All it takes is patience
Coach shows good things come to those hitters who wait
BY JOHN FAY | ENQUIRER STAFF WRITER
When the Reds finally slew the monster, they did it softly.
The Reds beat Roy Oswalt - after 15 straight losses to him - on a night when they had one extra-base hit.
Friday night was atypical in that the Reds beat Oswalt, yet they did it in the style that has become typical for them this year: patiently.
The Reds worked three walks off Oswalt, ran his pitch count to 111 in six innings and added a couple walks off the middle relievers who took over.
The Reds went into Saturday leading the National League in runs, double, home runs, walks and on-base percentage. They were second in slugging percentage.
They have become the offense hitting coach Chris Chambliss sought to build when he arrived in 2004.
Preaching patience has been the key. The 2003 team finished 14th in the NL in OBP. The Reds improved to ninth in '04, to fourth last year and to first this year.
Reds manager Jerry Narron's explanation?
"All I know is Chris Chambliss does a great job," Narron said.
Chambliss came to the Reds with a great reputation. He was the hitting coach for the New York Yankees in their run of four titles in five years from 1996 to 2000. He was fired the day after the team's parade for winning the 2000 World Series.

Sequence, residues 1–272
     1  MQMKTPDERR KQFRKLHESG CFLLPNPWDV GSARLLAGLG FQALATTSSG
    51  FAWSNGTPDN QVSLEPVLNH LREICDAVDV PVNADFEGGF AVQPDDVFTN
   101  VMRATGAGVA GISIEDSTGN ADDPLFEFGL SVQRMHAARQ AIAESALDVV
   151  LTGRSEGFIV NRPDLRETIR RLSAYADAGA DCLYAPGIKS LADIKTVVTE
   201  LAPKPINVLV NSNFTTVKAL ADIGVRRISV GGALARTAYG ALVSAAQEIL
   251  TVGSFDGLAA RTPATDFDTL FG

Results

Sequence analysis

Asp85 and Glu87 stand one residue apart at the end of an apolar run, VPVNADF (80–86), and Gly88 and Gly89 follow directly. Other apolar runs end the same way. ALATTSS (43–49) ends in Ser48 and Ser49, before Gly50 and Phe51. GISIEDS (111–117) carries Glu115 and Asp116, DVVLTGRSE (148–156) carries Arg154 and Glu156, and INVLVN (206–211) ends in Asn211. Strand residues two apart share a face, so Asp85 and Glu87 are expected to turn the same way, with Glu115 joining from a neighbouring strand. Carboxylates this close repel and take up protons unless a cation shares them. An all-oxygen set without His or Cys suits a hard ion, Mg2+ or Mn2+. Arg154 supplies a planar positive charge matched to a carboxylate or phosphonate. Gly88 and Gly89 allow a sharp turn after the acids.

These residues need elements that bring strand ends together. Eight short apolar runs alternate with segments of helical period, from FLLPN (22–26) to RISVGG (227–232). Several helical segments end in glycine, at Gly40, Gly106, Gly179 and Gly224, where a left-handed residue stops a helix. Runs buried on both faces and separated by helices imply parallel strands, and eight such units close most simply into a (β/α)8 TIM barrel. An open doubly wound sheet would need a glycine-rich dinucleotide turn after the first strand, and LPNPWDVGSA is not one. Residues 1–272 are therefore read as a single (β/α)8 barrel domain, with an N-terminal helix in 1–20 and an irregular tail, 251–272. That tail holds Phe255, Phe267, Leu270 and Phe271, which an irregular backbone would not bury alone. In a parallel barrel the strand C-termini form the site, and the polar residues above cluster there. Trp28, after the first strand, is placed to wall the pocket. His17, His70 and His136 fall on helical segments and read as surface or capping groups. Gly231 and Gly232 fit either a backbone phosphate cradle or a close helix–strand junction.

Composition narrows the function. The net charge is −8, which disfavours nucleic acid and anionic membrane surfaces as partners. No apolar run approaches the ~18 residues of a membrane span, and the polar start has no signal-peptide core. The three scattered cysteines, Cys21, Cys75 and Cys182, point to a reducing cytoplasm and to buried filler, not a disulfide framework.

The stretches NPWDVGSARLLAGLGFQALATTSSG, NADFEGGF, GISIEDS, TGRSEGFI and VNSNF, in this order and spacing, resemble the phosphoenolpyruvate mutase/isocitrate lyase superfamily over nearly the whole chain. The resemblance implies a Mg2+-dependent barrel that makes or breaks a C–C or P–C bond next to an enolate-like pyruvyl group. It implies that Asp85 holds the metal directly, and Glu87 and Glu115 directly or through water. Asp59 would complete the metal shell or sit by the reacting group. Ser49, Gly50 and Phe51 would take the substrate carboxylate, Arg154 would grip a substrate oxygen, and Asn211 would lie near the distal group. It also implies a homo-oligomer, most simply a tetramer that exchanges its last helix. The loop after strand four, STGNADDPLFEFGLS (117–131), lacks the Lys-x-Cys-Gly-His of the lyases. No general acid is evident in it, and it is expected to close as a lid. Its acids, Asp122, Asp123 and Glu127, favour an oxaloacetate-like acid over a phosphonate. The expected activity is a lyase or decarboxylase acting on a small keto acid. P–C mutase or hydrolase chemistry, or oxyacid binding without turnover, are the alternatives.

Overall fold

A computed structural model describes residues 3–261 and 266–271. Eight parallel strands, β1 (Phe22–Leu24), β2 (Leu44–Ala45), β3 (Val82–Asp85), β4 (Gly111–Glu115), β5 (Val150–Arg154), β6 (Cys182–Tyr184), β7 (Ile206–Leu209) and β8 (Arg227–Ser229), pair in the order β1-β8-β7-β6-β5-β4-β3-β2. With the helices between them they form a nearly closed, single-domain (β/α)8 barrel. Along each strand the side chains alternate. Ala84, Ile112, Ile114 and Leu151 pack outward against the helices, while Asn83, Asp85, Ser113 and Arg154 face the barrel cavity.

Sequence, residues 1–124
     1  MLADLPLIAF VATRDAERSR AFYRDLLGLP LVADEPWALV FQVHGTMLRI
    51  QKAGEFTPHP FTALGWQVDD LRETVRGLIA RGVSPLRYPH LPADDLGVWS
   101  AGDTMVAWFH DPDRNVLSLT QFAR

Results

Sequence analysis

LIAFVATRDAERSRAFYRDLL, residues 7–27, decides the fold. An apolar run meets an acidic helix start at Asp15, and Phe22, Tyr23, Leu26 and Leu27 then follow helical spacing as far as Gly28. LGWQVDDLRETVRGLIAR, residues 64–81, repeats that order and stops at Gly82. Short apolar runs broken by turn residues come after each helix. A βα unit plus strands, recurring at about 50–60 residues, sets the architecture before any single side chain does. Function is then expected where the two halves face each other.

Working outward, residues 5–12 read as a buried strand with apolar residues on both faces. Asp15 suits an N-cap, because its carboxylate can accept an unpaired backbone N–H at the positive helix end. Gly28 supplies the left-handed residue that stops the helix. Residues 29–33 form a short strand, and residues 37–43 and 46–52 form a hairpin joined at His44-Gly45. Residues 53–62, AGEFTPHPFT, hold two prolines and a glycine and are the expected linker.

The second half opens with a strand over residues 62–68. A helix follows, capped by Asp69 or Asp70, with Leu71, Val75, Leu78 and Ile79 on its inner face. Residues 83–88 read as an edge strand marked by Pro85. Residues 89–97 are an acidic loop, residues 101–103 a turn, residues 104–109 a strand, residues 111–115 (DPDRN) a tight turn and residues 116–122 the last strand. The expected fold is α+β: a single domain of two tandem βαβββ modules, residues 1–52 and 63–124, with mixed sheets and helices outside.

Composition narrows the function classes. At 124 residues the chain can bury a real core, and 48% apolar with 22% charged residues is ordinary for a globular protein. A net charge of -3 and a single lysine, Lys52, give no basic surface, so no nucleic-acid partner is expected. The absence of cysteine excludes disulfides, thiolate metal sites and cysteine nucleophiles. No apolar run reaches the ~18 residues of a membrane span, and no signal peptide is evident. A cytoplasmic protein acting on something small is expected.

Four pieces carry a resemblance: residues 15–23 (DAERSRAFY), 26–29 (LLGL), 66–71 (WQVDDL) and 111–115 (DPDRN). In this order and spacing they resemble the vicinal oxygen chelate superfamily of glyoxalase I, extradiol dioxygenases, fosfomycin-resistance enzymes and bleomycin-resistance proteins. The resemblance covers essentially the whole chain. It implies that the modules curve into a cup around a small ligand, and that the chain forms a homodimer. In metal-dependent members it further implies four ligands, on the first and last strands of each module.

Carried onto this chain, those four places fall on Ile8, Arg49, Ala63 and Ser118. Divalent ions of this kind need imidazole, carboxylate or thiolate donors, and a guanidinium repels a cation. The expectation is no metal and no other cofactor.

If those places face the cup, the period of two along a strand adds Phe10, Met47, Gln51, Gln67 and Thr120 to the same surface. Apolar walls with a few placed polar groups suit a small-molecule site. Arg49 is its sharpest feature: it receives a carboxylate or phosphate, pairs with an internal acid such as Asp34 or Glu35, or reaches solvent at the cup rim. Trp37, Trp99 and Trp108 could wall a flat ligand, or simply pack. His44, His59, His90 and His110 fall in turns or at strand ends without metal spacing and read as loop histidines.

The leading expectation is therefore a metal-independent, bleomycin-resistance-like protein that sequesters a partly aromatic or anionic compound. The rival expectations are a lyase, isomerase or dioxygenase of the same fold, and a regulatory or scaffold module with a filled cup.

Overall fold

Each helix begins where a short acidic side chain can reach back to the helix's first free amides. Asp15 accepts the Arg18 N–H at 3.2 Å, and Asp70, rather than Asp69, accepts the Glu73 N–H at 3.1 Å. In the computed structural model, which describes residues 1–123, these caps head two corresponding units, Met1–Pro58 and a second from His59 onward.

Chambliss spent three years with the Mets before then-Reds manager Dave Miley hired him in December 2003.
Chambliss did not immediately hold a meeting and say to the players, "Walk more."
"I don't talk about walks," he said. "It's not that cut and dried."
What he works on is pitch recognition and teaching the hitter to let the pitch come to him.
"We have drills we use," he said. "All these guys have great bat speed, so they can wait until the pitch gets deep."
Chambliss' prize pupil this season has been Edwin Encarnacion.
Encarnacion, the youngest Red, at 23, went into Saturday with 12 walks and 11 strikeouts. Last year, he struck out 60 times and walked 20.